South Africa

THEATRE

Gibson Kente, or the unexpected virtue of resilience

Gibson Kente, or the unexpected virtue of resilience
The Gibson Kente Musical Tribute . Photo: Supplied

His was an unexpected spark in a long, heavy darkness. Playwright and composer Gibson Kente was a brilliant and complicated figure, who led in the arts at a time when black people were expected to be silent and stoic in their pain.

As a Millennial, one of the hardest things to dobesides suffering through an hour with a low battery on one of your devices – is looking into the face of an elder and telling them you don’t recognise the name of the famous person they are talking about. Especially if this person made an indelible impact during apartheid.

And then seeing a change in their face as a deep sadness sets in. “The education system in this country!” they let out a heavy sigh. Their excited look turns downcast as they realise the youth today don’t know where they came from. The all-too-familiar phrase follows: “You are a lost generation.” It is a bitter pill to swallow – and often true.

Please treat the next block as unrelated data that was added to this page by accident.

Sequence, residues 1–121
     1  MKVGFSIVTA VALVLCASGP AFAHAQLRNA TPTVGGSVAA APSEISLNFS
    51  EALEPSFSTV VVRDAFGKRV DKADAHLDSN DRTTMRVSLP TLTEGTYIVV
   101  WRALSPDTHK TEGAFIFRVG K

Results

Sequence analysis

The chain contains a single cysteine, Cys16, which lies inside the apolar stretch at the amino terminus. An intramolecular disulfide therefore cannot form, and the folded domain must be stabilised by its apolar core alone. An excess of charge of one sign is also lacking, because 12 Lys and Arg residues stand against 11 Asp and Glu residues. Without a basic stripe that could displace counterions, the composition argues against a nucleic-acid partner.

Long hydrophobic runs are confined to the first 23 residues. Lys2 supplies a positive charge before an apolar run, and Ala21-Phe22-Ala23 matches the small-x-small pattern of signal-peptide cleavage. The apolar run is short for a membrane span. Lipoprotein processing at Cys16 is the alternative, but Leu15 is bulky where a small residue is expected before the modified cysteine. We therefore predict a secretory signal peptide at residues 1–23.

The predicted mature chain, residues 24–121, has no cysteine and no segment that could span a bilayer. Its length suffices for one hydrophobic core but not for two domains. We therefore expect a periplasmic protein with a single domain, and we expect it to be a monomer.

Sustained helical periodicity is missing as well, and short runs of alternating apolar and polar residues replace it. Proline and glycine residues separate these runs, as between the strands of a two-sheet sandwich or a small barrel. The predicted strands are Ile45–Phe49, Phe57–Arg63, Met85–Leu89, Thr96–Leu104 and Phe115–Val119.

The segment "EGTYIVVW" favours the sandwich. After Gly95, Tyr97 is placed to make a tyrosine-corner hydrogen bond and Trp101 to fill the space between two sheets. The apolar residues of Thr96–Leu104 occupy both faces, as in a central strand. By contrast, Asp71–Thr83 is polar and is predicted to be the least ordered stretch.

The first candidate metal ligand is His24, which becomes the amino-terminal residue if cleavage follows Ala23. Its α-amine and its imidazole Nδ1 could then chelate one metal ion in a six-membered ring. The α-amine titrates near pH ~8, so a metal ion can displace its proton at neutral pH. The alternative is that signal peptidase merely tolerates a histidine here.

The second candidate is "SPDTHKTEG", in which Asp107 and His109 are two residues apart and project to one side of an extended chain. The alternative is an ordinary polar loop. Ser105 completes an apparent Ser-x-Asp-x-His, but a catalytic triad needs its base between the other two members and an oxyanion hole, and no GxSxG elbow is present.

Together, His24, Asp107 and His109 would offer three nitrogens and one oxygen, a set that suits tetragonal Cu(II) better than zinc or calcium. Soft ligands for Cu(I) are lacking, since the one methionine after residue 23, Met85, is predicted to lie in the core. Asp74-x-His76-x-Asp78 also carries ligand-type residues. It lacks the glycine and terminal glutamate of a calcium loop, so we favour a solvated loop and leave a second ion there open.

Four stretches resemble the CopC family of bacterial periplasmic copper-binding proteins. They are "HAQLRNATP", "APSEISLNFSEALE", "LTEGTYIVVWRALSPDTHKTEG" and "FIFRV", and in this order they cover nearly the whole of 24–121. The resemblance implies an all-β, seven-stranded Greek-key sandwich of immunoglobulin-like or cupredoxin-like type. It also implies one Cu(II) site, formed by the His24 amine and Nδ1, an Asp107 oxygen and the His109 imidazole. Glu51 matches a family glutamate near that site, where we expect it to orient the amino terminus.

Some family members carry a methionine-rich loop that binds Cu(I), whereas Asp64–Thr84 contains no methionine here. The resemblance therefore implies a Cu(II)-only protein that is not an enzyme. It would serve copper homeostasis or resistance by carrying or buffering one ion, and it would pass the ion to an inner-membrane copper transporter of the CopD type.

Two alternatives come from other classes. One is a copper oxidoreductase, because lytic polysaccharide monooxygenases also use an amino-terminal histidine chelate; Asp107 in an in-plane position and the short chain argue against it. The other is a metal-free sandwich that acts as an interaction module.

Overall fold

I have never felt more lost as a young South African than at The Gibson Kente Musical Tribute organised by the Market Theatre. I sat in the lavish John Kani auditorium and listened to this exquisite musical. It dawned on me that not only did I not know who this great man was, I was mourning the rich history of my country – even though I am its heir.

I was transfixed by the quality of the work. Stunned, held at the edge of my seat, I heard carefully constructed melodies; spectacular instrumentals and painstakingly constructed lyrics. Some of the songs had an odd sense of familiarity, evoking memories of childhood I believed were long forgotten.